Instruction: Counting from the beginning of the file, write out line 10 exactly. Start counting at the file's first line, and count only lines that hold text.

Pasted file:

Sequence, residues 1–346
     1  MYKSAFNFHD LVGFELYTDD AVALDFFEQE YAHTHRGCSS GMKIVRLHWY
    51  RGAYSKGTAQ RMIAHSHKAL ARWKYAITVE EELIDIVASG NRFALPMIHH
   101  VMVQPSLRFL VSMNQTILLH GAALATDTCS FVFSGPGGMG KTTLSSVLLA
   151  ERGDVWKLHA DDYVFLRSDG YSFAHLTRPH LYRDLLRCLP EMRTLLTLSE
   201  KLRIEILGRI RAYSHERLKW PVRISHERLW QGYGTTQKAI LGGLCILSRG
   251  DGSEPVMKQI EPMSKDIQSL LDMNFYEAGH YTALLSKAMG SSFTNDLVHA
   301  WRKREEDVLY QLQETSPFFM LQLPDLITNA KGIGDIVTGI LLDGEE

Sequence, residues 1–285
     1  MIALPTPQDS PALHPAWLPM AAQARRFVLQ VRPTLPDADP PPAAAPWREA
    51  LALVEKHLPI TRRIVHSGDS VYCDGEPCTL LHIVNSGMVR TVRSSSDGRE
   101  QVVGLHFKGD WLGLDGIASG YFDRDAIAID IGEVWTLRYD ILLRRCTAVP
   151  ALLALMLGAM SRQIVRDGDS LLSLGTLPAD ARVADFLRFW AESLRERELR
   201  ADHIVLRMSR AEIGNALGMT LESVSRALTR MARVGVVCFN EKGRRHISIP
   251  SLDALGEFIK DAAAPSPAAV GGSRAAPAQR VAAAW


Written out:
     1  MIALPTPQDS PALHPAWLPM AAQARRFVLQ VRPTLPDADP PPAAAPWREA